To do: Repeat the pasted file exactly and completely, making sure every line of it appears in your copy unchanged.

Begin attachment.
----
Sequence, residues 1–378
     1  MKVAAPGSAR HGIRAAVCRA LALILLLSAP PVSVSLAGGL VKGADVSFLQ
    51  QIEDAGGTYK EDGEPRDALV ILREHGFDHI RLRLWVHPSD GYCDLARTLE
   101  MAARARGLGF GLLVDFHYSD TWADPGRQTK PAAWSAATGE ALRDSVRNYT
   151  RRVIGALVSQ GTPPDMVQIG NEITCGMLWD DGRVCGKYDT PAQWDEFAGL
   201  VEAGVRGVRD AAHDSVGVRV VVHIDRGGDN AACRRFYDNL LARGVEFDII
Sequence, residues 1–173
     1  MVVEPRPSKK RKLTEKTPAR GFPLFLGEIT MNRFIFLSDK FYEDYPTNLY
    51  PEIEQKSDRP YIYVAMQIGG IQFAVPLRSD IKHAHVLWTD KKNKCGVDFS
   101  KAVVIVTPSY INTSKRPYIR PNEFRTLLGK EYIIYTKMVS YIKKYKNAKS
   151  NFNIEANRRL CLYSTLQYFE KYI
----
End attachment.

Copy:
Sequence, residues 1–378
     1  MKVAAPGSAR HGIRAAVCRA LALILLLSAP PVSVSLAGGL VKGADVSFLQ
    51  QIEDAGGTYK EDGEPRDALV ILREHGFDHI RLRLWVHPSD GYCDLARTLE
   101  MAARARGLGF GLLVDFHYSD TWADPGRQTK PAAWSAATGE ALRDSVRNYT
   151  RRVIGALVSQ GTPPDMVQIG NEITCGMLWD DGRVCGKYDT PAQWDEFAGL
   201  VEAGVRGVRD AAHDSVGVRV VVHIDRGGDN AACRRFYDNL LARGVEFDII
Sequence, residues 1–173
     1  MVVEPRPSKK RKLTEKTPAR GFPLFLGEIT MNRFIFLSDK FYEDYPTNLY
    51  PEIEQKSDRP YIYVAMQIGG IQFAVPLRSD IKHAHVLWTD KKNKCGVDFS
   101  KAVVIVTPSY INTSKRPYIR PNEFRTLLGK EYIIYTKMVS YIKKYKNAKS
   151  NFNIEANRRL CLYSTLQYFE KYI